In February 2001, a couple of days before Three Rivers Stadium was demolished, Ian Green sat at the Point and painted a watercolor of the big concrete landmark. His paint froze on the paper.
The vanished and paved-over stadium has reappeared in one of two large-scale oil paintings Green is showing as part of the Lost and Found group show, at Garfield Artworks.
The larger of the two depicts a dystopian spectacle of ancient Roman proportions. In a barren landscape whose only salient feature is the looming stadium bracketed by a raised highway, chariots resembling huge slices of pizza race in a circle. Each conveyance is driven by a man dressed as Santa Claus, wielding a black-and-gold knit scarf to whip a naked, chained slave who strains to pull it.
The drivers struggle to avoid colliding; behind them, inside large transparent bubbles, sit the passengers: dim silhouettes reclining on lounge chairs, conversing and smoking cigars. High on the stadium itself, beneath ominous clouds, familiar if slightly altered logos suggest who's behind these games: "MacSanto's PizzArena."
"It kinda reminded me a little bit of Brueghel, some of that Flemish apocalyptic stuff," says Green, a soft-spoken 35-year-old.
Three Rivers is history in part because it lacked the profitable luxury seating built into newer stadia, like Heinz Field. That's the seating, as Green observes, that sets the rich apart from the people who paid for it all.
His painting, on panels of untempered Masonite assembled into an 11' by 8' whole, is dominated by colors Green calls "thalo blue," "ozone green" and "meat color -- ham mixed with hot dog." And it has a science-fiction cast: The slaves are women whose children, encased in spacesuits, cling to their mothers' heads, while little humanoid robots piggyback on the children. The chariots slosh through heaps of empty crumpled plastic water bottles where the river used to be.
Why Santa Claus -- including the most prominent chariot driver, who's modeled after Andrew Mellon? "He's just a figure that people trust," says Green. "If he's gonna whip somebody, he could turn it into a good time. Everybody would accept his role."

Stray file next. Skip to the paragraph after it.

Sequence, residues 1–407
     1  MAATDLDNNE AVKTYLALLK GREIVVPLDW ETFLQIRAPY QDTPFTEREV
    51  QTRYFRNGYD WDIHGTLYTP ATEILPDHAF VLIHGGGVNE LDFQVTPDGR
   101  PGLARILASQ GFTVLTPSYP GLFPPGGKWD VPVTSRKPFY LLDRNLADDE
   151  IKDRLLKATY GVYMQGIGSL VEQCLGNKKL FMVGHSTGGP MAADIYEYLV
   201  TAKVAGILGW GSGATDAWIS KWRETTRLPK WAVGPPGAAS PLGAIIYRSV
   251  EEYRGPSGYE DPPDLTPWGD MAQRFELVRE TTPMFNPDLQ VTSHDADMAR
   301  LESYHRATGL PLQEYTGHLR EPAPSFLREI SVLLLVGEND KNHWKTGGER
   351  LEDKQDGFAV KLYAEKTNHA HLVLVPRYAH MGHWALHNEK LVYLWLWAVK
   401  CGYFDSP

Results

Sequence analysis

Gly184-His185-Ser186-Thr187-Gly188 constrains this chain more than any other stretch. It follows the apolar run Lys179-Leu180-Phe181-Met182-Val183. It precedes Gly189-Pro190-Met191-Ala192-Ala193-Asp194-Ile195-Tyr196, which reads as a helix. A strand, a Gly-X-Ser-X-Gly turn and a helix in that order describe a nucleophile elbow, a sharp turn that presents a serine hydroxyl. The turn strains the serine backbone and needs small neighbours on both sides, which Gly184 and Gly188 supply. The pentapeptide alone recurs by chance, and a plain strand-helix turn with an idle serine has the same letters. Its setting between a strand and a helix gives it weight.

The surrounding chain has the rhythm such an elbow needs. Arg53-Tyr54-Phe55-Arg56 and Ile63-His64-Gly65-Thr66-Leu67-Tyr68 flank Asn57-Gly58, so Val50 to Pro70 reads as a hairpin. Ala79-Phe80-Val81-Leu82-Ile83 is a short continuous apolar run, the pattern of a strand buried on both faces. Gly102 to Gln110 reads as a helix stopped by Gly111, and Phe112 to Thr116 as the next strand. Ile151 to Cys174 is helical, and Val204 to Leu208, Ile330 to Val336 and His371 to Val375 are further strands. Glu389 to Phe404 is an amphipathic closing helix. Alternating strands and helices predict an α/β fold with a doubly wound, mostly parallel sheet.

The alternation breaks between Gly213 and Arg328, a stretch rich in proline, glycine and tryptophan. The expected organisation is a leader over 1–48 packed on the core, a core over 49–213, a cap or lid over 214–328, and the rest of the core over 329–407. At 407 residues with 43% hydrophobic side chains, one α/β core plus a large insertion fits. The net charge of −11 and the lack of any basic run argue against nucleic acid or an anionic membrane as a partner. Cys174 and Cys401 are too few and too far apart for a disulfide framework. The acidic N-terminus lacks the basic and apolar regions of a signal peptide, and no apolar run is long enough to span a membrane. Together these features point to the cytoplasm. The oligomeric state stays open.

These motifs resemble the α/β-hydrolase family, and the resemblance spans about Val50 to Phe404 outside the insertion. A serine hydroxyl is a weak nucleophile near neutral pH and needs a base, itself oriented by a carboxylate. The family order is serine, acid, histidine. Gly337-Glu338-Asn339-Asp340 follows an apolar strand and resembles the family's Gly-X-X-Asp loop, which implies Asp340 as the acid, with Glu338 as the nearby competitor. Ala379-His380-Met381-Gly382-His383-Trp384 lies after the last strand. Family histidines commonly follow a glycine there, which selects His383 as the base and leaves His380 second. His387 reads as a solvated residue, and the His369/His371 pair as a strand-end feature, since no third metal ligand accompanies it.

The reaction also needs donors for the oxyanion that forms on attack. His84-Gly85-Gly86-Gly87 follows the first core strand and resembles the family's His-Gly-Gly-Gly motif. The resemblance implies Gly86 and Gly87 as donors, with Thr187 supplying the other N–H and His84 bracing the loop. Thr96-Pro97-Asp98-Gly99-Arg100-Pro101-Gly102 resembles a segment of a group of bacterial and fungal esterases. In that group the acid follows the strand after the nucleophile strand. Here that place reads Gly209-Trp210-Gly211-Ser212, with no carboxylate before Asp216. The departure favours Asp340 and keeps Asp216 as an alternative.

The painting, completed just before the November election, has three titles, one of which is "Mon-Santorum-Valley Expressway."
Green, a Pittsburgh native, attended Carrick High School and CAPA. After graduate study in fine art at Indiana University, he moved to Homestead, where he could indulge his passion for both industrial detritus and local history.
He's lived and painted there since 1999, with neighbors including the former U.S. Steel Homestead Works site. That site experienced big changes. "Overnight there were hordes of people running into this space like it was the best thing since sliced bread."
The sprawling Waterfront, a consumer playground, includes the site of the infamous and deadly 1892 Homestead strike, with its clashes between mill workers and armed Pinkerton security guards. This year, Green salvaged junk wood from the site and painted "Dave and Strikebusters: 1892-2006 Homestead." The 6' by 4' piece juxtaposes youthful contemporary revelers in a Dave & Busters-style arcade with ghostly scenes from the past -- notably the enraged gauntlet of workers and their families that separated the Pinkertons from their getaway train.
The historical action occurs in the painting's center -- to the backs of arcade-goers focused on video shooting galleries. Yet Green sees an arc between the Homestead community of 1892 and today's fun-seekers: While they're now consumer-culture "plug-ins" rather than slaves to heavy industry, "the psychological needs of these people are more brutal than ever. They'll drink beer and blast people's heads off."
Green also drums for numerous local music projects, most prominently Zany Umbrella Circus. On a recent Saturday morning, looking at his "Expressway" epic, he mused, "I've gotta find a place to put this thing now."
Lost and Found Closing reception 7 p.m. Thu., Dec. 21. Garfield Artworks, 4931 Penn Ave., 412-361-2262